Why more IITs are a bad idea
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More than eighty years ago, Subhash Chandra Bose came to the Hilji detention camp outside Kharagpur in West Bengal to collect the bodies of two unarmed freedom fighters martyred there. That act served as one spark among many in catalysing India’s Independence movement.
After Independence, the first Indian Institute of Technology (IIT) in Kharagpur was set up at the very site of the detention camp. It was born on the back of the report written in 1946 on higher technical institutions by the Nalini Ranjan Sarkar Committee. Noted educationists Humayun Kabir and Jogendra Singh constituted the Sarkar Committee. Partly because West Bengal had many industries then and partly because Kabir and Sarkar were from West Bengal, the two were able to persuade prime minister Jawaharlal Nehru and B.C. Roy, then chief minister of West Bengal, to establish the first IIT there. The report suggested major institutions in the four regions of the country. In rapid succession, IITs were established with foreign collaboration in Bombay (Soviet Union, 1958), Kanpur (US, 1959) and Madras (Germany, 1959). The Germans were initially planning to establish the IIT in Bangalore but chose Madras instead when C. Subramaniam, then education minister of Madras state, impressed them with 630 acres of verdant forestland on the governor’s estate. The fifth and last IIT of the first phase was established a few years later in Delhi with the justification that Kanpur represented central India, not the North. Eleven other IITs were born anew or upgraded since then in: Guwahati, Roorkee, Varanasi, Bhubaneswar, Gandhinagar, Hyderabad, Jodhpur, Patna, Ropar, Mandi and Indore.
These 16 institutes have historically been built on the rationale of building human capital for a newly independent, industrializing India and on providing geographically diversified access. The government headed by Prime Minister Narendra Modi has declared its intention, based on a research and development (R&D) view, of building an IIT and Indian Institute of Management (IIM) in every state. For a host of reasons, this is unnecessarily geographically focused, extravagant and wrong-headed.
Recent estimates and the experience of setting up eight institutes (all except Mandi are still on rented premises) suggests that establishment costs are likely to range from Rs.1,500 to Rs.2,000 crore per institute. Just the initial capital expenditure to build another dozen IITs could, therefore, be well over Rs.18,000 crore. When location, land acquisition and putting up the physical infrastructure are major issues for the recent IITs, it seems ill conceived to announce new ones before solving those issues.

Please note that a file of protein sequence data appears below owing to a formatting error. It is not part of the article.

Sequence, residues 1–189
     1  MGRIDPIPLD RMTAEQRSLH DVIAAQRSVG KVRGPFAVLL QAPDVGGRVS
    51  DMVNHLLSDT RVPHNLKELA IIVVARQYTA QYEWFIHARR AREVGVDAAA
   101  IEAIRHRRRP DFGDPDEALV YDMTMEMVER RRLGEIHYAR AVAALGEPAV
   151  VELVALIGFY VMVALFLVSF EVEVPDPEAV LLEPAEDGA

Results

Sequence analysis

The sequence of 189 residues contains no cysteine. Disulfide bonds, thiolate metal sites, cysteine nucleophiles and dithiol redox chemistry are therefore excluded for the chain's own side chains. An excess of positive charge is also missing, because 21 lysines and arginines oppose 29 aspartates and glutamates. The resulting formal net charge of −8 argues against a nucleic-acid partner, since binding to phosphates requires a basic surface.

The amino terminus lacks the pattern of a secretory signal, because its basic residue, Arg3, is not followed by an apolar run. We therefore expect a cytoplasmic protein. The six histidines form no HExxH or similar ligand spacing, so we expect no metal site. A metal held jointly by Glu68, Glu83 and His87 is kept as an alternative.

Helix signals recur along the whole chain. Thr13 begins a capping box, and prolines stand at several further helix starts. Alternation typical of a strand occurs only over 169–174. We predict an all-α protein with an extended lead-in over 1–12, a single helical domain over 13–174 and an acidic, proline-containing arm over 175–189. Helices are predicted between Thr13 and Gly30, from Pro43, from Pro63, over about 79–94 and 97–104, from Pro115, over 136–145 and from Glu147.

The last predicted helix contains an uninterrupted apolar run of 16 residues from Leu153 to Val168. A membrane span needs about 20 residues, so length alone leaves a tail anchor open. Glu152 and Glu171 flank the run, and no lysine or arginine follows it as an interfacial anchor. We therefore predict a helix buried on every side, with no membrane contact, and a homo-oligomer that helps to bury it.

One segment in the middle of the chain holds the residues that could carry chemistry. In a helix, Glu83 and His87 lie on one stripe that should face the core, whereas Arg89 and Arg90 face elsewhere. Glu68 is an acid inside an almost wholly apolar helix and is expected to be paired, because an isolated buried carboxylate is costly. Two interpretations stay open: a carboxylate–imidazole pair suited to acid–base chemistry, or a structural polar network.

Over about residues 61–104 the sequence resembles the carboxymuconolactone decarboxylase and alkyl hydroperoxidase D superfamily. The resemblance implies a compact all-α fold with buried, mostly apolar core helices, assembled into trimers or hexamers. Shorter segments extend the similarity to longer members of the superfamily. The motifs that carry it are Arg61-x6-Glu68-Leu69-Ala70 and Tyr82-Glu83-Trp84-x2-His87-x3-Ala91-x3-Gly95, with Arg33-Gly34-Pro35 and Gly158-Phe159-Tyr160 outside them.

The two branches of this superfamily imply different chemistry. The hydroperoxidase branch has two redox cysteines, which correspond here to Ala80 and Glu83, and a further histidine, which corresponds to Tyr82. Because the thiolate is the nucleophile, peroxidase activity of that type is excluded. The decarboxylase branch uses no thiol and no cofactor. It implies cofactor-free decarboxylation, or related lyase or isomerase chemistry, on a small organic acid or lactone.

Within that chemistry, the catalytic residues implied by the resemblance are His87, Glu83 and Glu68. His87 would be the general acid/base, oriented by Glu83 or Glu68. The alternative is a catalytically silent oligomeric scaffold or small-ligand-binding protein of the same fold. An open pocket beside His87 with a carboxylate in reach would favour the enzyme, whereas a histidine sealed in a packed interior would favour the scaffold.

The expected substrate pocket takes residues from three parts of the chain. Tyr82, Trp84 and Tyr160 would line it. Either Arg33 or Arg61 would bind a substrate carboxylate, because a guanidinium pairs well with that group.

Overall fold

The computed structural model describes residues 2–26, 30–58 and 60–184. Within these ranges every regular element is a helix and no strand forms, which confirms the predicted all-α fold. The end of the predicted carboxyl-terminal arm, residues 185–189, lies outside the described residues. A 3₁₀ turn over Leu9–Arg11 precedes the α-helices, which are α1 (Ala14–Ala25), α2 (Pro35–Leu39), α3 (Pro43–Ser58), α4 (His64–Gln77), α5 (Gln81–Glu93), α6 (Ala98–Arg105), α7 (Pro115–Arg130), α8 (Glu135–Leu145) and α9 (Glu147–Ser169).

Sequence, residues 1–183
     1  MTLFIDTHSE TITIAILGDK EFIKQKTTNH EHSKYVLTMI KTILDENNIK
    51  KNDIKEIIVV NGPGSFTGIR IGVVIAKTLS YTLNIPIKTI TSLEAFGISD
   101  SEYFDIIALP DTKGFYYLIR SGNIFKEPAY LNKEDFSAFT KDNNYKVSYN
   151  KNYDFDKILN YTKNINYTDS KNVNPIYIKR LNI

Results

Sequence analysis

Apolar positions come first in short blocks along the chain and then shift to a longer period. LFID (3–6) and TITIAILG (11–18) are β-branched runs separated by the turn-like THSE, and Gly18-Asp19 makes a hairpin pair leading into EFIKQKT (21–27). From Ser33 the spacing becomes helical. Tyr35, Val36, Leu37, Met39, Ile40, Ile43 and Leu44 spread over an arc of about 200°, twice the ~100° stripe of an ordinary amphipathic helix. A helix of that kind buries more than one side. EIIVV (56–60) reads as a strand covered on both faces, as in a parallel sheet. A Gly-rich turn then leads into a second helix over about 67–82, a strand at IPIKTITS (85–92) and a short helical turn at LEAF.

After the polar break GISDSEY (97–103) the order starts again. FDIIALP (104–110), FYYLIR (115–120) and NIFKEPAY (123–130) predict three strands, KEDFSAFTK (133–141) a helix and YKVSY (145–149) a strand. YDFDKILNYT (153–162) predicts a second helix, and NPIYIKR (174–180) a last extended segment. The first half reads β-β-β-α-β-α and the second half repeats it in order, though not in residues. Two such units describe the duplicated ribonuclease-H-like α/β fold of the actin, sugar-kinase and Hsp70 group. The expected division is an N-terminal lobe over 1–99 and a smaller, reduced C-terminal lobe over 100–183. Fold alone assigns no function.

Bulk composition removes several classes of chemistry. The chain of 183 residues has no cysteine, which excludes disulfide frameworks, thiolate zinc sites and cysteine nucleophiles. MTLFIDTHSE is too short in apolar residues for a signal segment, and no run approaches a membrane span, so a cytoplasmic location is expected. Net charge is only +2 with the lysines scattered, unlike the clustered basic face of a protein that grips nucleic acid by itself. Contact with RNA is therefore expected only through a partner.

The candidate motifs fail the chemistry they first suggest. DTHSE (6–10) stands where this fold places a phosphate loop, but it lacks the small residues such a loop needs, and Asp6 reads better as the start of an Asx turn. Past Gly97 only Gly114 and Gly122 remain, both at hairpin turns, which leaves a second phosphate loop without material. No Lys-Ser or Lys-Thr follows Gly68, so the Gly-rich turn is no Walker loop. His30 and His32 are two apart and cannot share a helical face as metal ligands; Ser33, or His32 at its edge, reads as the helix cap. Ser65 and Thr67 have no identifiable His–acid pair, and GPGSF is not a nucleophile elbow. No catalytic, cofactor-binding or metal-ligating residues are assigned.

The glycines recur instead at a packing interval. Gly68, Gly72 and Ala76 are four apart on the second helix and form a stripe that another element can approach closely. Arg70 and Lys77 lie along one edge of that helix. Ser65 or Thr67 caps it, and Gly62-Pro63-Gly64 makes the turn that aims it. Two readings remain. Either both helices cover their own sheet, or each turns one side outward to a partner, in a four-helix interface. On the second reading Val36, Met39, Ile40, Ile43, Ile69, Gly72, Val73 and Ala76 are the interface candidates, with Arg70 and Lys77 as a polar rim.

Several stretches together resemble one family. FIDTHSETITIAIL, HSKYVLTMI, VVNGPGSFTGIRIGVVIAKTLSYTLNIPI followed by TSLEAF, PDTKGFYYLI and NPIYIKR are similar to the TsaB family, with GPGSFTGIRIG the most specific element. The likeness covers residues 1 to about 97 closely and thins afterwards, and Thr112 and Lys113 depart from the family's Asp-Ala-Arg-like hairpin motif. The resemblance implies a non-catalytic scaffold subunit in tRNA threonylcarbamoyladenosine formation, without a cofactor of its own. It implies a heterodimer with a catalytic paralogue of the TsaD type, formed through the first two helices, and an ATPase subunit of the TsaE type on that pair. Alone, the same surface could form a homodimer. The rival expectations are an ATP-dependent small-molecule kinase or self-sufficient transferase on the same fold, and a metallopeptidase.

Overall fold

The IITs have succeeded until now for three reasons: 1) they have functioned autonomously without too much interference; 2) the entrance gate has permitted only the best students in the country; and 3) the faculty has been good enough to turn this group into employable engineers. This has allowed a brand to be built over the years that stands for excellence, which in turn allows for employment, career paths and success. This success has reinforced the brand. A material increase in the number of IITs threatens all three success factors and this virtuous circle. A larger system will open up flanks for interference, the threshold for entrance will have to be lowered to admit more students and most importantly, faculty openings, many of which lie vacant today, will become even more difficult to fill.
At the very least the government must reimagine the priority in the higher education sector to be a challenge in “software” not “hardware”. The Soviet-inspired model of research conducted by central laboratories, and students trained by technical institutes such as the IITs has to be fully re-examined to help prepare India for the next 50 years. The focus on setting up the innovation and R&D vision for the future is better placed on the structure, talent pool and compensation for researchers than on the physical infrastructure of newer institutes.
A good place to start will be to merge the various laboratories of the Council for Scientific and Industrial Research into these technical institutes so that the flow of new ideas is fresh and continual and the opportunity to work in applied research areas is available in an academic context. Another vital area of focus should be on allowing compensation to be flexible enough to attract the best and the brightest in the world. South Korea, Hong Kong and China have followed an excellent model of incentivizing world-class diaspora from the academia to return and contribute.
Rather than undertake an ambitious and ultimately wasteful programme of setting up several new IITs, the government will do better to completely revamp the structure of research in the country and place it back in technical institutes and universities. Sixty-seven years after independence we must put our focus on getting R&D out of the detention camps rather than on building newer camps.
P.S. “Dare to be free, dare to go as far as your thought leads, and dare to carry that out in your life”, said Swami Vivekananda.
Narayan Ramachandran is chairman, InKlude Labs.
Comments are welcome at firstname.lastname@example.org. To read Narayan Ramachandran’s previous columns, go to www.livemint.com/avisiblehand
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